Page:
Finding Solutions: Group Lending and Mobile Banking
While most other microfinance institutions (MFIs) have stopped serving very small enterprises in rural villages, PAMF first combatted this problem by organizing PAMF borrowers into loan groups that could jointly contribute to cover the cost of only 1-2 members going into town to make monthly loan reimbursements and deposits into savings accounts on behalf of the whole group of 7-15 members. This strategy allowed PAMF to continue serving rural farmers with farm loans that are typically less than $700 per year.
However, another strategy is emerging that can greatly reduce the impact of the distance between rural businesses and PAMF’s financial services. In many other countries in Africa, microcredit clients are already making their loan repayments or savings deposits by mobile phone with a system of ‘mobile money’ managed by cell network operators. However, PAMF found in Cote D’Ivoire that these new technologies with the potential to benefit rural communities were slow to evolve, particularly in the remote northern areas where PAMF is most present.
PAMF decided to make mobile banking a reality in Cote D’Ivoire themselves, so they approached local mobile operators to build out a system where their clients would be able to reduce their visits to PAMF offices. Four years later, after lengthy negotiations, development challenges and multiple program trials, PAMF is training rural farmers on how to access their PAMF accounts with just a simple mobile phone on a platform they call a ‘Mobile Wallet’.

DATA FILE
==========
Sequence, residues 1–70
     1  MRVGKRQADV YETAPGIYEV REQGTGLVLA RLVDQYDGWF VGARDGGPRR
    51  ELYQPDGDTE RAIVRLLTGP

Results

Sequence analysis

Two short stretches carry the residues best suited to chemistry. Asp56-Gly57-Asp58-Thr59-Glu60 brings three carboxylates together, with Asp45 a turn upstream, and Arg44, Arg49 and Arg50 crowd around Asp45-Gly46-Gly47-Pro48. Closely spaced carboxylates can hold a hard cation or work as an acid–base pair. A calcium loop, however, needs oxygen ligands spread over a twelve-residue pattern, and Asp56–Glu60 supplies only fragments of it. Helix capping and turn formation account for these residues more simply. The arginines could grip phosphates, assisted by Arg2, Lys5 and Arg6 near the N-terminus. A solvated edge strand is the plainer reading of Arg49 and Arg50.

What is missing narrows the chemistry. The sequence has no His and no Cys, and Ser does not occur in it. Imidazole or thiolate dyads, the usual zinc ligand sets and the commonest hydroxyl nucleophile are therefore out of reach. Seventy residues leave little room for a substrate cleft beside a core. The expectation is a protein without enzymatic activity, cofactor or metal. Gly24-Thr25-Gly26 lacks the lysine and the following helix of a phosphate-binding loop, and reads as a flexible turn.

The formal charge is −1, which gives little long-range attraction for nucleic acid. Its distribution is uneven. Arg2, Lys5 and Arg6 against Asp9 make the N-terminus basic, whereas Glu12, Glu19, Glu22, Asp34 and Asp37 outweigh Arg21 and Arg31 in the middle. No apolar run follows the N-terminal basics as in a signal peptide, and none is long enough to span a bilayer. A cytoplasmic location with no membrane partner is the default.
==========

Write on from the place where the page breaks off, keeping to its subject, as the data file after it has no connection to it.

The basic functionality of this new mobile service allows clients to give their cash loan repayments or savings deposits to a mobile money representative in their village so that they can then transfer these funds directly into their PAMF account. Over time PAMF will add more services to the platform to reduce the sums of money traveling long distances across rural roads. PAMF has worked hard to negotiate beneficial rates for making these transfers with a cell phone affordable and the cost of around 30-40 cents per transaction is vastly more affordable than what farmers pay for fuel to travel to a PAMF branch.
In West Africa it is expensive to work in rural communities and there are limited options available to rural businesses seeking capital to grow their enterprises or farms. PAMF is a leader in finding ways to overcome obstacles to access despite the organization’s own difficulties to cover high operating costs. Now PAMF will expand access to secure savings accounts and affordable business capital to anyone regardless of their location, thanks to the mobile wallet platform they have launched.